Reading The Red Book (5)

“The ancients lived their symbols, since the world had not yet become real for them.”

C.G. Jung, The Red Book

Georgia O’Keeffe, “Red Hills with White Flower”

Chapter IV of The Red Book is called “The Desert.” Since ancient times, the desert has drawn mystics and visionaries, who wanted to retreat from the world to find themselves. In his Dictionary of Symbols, Cirlot described the desert as “the most propitious place for divine revelation.” The desert is also the domain of the everlasting spiritual power of the sun, at its most radiant. Jung says in this chapter that “to find their soul, the ancients went into the desert.” It was a place where “the abundance of visions” came. Jung calls them “the fruits of the desert” and “the wondrous flowers of the soul.” But these rewards are delivered only to those who survive the exposure to the cruel, arid climate there.

The soul shows Jung that his self is “a barren, hot desert, dusty and without drink.” Living too much “in men and events,” not cultivating the inner landscape, has resulted in the place of his soul being “desolate and unfruitful.” Having devoted his life to cerebral pursuits, he forgot that “no culture of the mind is enough to make a garden out of your soul.” At this point Jung realizes that the world of the soul can only be entered by he who has completely become his self, “who is neither in events, nor in men, nor in his thoughts.” The task is to direct the creative force inwards – to the place where the soul dwells. Only then will the soul become green and bear fruit. But this is a slow process. The following passage is a call for soulful authenticity, which can grant ultimate freedom to an individual:

“Nobody can spare themselves the waiting and most will be unable to bear this torment, but will throw themselves with greed back at men, things, and thoughts, whose slaves they will become from then on. Since then it will have been clearly proved that this man is incapable of enduring beyond things, men, and thoughts, and they will hence become his master and he will become their fool, since he cannot be without them, not until even his soul has become a fruitful field. Also he whose soul is a garden, needs things, men, and thoughts, but he is their friend and not their slave and fool.”

Sanford L. Drob reminds us that while creating The Red Book Jung developed the technique called active imagination, which is “a process that begins with a passive observation of images, scenes, and figures as they emerge into awareness from the unconscious, and is completed through the active engagement with them…” The desert is the right place to start the engagement with the unconscious thanks to the lack of external distractions.

Towards the end of chapter IV Jung ponders the power of words in soul making:

“When you say that the place of the soul is not, then it is not. But if you say that it is, then it is. Notice what the ancients said in images: the word is a creative act. The ancients said: in the beginning was the Word.”

The meticulous calligraphy of The Red Book lends gravitas, even holiness to all the words that Jung chose. Like in stone engravings, there is little room for the non-essential. The Words thus created have enormous weight, both spiritual and material. The mysticism of language has accompanied every major religion: besides The Gospel of John quoted above by Jung, it is worth mentioning the Hindu Nada Brahma (the Sound is God) or the creative vibration of AUM. In Fundamental Symbols, The Universal Language of Sacred Science, the great symbologist René Guénon wrote:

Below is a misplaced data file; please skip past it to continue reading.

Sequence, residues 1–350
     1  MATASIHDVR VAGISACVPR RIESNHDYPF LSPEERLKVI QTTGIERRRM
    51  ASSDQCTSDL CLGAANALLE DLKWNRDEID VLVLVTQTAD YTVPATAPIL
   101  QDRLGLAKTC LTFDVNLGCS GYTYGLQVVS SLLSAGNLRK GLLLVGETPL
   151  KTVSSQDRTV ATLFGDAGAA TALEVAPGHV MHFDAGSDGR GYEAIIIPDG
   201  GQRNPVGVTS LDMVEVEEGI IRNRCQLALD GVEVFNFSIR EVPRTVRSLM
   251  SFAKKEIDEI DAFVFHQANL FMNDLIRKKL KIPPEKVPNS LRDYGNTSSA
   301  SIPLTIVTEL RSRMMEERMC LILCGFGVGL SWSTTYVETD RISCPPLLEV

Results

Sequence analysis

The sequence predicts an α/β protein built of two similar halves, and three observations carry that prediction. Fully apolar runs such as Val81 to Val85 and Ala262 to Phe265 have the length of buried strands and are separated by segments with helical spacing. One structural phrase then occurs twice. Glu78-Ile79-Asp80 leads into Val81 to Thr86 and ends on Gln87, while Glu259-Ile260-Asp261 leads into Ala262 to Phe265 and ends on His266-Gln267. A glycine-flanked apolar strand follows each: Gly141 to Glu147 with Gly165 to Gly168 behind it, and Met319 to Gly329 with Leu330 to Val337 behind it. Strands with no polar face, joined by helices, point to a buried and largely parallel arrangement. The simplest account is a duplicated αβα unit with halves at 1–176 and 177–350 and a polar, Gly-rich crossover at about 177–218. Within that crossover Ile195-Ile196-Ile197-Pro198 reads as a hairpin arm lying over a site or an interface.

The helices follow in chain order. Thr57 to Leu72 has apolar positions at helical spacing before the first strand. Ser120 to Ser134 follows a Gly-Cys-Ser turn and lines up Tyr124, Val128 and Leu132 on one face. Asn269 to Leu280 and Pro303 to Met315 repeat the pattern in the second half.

“… the world is like a divine language for those who know how to understand it.

… if the world is the result of the Divine Word offered at the beginning of time, then nature in its entirety can be taken as a symbol of supernatural reality.”

The image accompanying this chapter shows a figure clad in white confronted with a snake in the desert. This is an echo of the image from the chapter Soul and God (part 3), which depicted a white dove and a black snake. Here the body of the snake encircles the image, as the figure steps inside the ring. Confrontation with the unconscious begins.

Reading The Red Book – part 1

Reading The Red Book – part 2

Reading The Red Book – part 3

Reading The Red Book – part 4

Reading The Red Book – part 6

Reading The Red Book – part 7

Reading The Red Book – part 8

Reading The Red Book – part 9

Reading The Red Book – part 10

Reading The Red Book – part 11

Reading The Red Book – part 12

Reading The Red Book – part 13

Reading The Red Book – part 14

Reading The Red Book – part 15

Reading The Red Book – part 16

Reading The Red Book – part 17

Reading The Red Book – part 18

Reading The Red Book – part 19

Reading The Red Book – part 20

Reading The Red Book – part 21

Reading The Red Book – part 22

Reading The Red Book – part 23

Reading The Red Book – part 24 

Reading The Red Book – part 25

Reading The Red Book – part 26

Reading The Red Book – part 27

Reading The Red Book – part 28

Reading The Red Book – part 29

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5 Responses to Reading The Red Book (5)

  1. lampmagician says:

    and the fifth thanks 😉
    I really thank dear Monica for your wonderful description of this wonderful book ❤
    Ich habe pouse, zwei Wochen Urlaub 😀

    Liked by 1 person

  2. Jeff Japp says:

    Hi Monika. Yeah, the desert lends itself well to mystical experiences. I think of the books by Carlos Castaneda, and also “Desert Solitaire” by Edward Abbey. And of course, the desert is the scene in so many religious texts. Finally, there is a section in the Grateful Dead’s “Blues for Allah” called “Unusual Occurrences in the Desert,” which is pretty surreal. Here’s a link if you are interested in listening:


    Liked by 1 person

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